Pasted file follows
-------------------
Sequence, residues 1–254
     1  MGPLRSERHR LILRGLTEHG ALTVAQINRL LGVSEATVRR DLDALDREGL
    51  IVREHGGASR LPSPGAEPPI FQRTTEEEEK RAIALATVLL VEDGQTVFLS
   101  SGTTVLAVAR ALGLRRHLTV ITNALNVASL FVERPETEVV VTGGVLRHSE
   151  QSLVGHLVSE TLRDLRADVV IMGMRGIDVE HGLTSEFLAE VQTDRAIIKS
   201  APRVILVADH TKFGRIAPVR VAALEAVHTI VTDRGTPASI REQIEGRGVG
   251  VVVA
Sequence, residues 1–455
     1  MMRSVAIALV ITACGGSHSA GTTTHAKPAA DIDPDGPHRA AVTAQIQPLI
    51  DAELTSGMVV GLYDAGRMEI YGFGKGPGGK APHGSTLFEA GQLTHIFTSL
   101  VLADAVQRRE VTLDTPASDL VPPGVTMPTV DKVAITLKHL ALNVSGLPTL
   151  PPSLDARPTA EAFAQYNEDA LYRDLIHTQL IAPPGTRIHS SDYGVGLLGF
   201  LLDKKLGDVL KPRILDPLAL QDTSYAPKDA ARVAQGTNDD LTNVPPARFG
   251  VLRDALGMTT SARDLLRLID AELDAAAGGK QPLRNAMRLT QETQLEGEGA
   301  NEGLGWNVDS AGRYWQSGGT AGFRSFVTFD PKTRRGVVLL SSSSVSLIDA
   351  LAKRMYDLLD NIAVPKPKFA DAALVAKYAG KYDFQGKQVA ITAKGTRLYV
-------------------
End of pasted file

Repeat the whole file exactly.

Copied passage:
Sequence, residues 1–254
     1  MGPLRSERHR LILRGLTEHG ALTVAQINRL LGVSEATVRR DLDALDREGL
    51  IVREHGGASR LPSPGAEPPI FQRTTEEEEK RAIALATVLL VEDGQTVFLS
   101  SGTTVLAVAR ALGLRRHLTV ITNALNVASL FVERPETEVV VTGGVLRHSE
   151  QSLVGHLVSE TLRDLRADVV IMGMRGIDVE HGLTSEFLAE VQTDRAIIKS
   201  APRVILVADH TKFGRIAPVR VAALEAVHTI VTDRGTPASI REQIEGRGVG
   251  VVVA
Sequence, residues 1–455
     1  MMRSVAIALV ITACGGSHSA GTTTHAKPAA DIDPDGPHRA AVTAQIQPLI
    51  DAELTSGMVV GLYDAGRMEI YGFGKGPGGK APHGSTLFEA GQLTHIFTSL
   101  VLADAVQRRE VTLDTPASDL VPPGVTMPTV DKVAITLKHL ALNVSGLPTL
   151  PPSLDARPTA EAFAQYNEDA LYRDLIHTQL IAPPGTRIHS SDYGVGLLGF
   201  LLDKKLGDVL KPRILDPLAL QDTSYAPKDA ARVAQGTNDD LTNVPPARFG
   251  VLRDALGMTT SARDLLRLID AELDAAAGGK QPLRNAMRLT QETQLEGEGA
   301  NEGLGWNVDS AGRYWQSGGT AGFRSFVTFD PKTRRGVVLL SSSSVSLIDA
   351  LAKRMYDLLD NIAVPKPKFA DAALVAKYAG KYDFQGKQVA ITAKGTRLYV